For point 3, where did you find the figure of 4078km of track? Most sources I’ve found suggest somewhere in the region of 3000-3500km.

    In any case, eurostat claims Belgium is only second (length of railway per land area):
    Only a few EU countries had over 100 km of rail
    network per 1000 km² of national territory in 2005: this
    is the case for the Czech Republic (122 km), Belgium
    (116 km), …

    And it’s nowhere near the top in terms of km of rail per head of population.

    Point 13 is an oft-repeated claim, but as far as I can tell, it’s largely spurious and put about to increase tourism.

    The definition of ‘town’ is so variable around the world that it’s probably meaningless to search for a smallest town anyway. Just as one example, here’s an article about a book which describes 100 towns with less than 100 people in Minnesota alone:

    In any case, nowadays (since the merging of the communes in the 70s) the commune of Durbuy has 10000+ inhabitants.

    • Comment by Alison

      Alison March 13, 2012 at 14:39

      Thanks for your comment David. The sources we used are at the bottom of the post. It’s always possible to slice data in different ways to get different answers, but regardless of how you slice it they are still some fun statistics concerning a country which has a lot to be proud of!

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  6. Comment by Thomas

    Thomas April 15, 2012 at 22:56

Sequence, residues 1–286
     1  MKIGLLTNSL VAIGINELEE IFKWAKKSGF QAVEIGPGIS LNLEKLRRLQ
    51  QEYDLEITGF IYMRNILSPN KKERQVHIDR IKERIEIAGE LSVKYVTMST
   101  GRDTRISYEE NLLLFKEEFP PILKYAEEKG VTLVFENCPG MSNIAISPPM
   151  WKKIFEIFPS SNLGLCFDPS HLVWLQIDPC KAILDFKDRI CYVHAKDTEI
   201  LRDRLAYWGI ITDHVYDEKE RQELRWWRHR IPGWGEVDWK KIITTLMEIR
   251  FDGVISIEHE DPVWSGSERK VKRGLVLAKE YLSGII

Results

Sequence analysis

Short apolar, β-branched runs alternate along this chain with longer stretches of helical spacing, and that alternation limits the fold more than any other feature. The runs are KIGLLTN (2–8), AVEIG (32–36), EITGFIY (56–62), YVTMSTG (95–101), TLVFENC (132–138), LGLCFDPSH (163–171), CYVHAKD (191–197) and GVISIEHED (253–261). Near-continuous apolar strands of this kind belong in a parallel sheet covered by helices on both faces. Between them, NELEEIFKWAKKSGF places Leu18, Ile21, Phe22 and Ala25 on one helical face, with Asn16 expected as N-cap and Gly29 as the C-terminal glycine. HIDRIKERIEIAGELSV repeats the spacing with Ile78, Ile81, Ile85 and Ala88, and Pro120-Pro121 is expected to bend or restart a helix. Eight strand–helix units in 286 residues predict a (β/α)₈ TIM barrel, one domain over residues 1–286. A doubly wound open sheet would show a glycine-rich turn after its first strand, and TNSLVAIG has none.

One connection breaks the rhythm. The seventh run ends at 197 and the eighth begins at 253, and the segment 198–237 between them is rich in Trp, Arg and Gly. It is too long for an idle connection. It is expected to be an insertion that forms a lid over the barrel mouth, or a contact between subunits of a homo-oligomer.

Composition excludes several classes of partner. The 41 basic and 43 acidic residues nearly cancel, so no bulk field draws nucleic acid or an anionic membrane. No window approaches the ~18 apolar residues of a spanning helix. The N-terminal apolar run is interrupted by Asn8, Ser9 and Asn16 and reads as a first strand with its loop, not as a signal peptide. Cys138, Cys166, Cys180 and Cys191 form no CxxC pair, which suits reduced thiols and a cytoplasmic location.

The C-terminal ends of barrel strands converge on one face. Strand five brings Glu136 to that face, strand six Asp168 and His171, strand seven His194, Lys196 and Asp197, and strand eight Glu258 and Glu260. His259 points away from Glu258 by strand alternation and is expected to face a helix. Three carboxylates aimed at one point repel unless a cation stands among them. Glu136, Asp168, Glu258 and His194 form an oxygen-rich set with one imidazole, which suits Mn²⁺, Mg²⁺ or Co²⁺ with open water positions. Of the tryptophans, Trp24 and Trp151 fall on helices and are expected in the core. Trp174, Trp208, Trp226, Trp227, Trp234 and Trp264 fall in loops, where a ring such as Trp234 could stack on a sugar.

Maybe you forget that the dynamo was invented by a Belgian : Zenobe Gramme

    • Comment by Alison

      Alison April 19, 2012 at 14:33

      Right you are Thomas! Thanks for another great addition to the list.

  7. Comment by Jin

    Jin June 1, 2012 at 22:32

    Hi Alison, great site! I’m moving to Brussels in a month and your site’s been really helpful for getting acclimated. Would you have any advice for me on pet related matters? My two dogs are my pride and joy, and finding a good vet, pet store, etc seems daunting given I don’t speak French!

    • Comment by Alison

      Alison June 4, 2012 at 10:16

      Hi Jin, I’m so glad you’re finding CW helpful for your move. We understand how important a move it is for pets as we came here with four cats and a Saint Bernard! Now, sadly we are down to two cats but they are still very spoiled 🙂 Our vet and pet store are located outside of tBrussels in Sterrebeek, near where we lived when we first arrived here. Both are Flemish but speak great English. I can pass them along if you like but if you are looking for someone in Brussels I’m not too much help. Drop me an email through the contact form and let me know what area you are planning to move to and I’ll see if I can help out. Good luck with your move!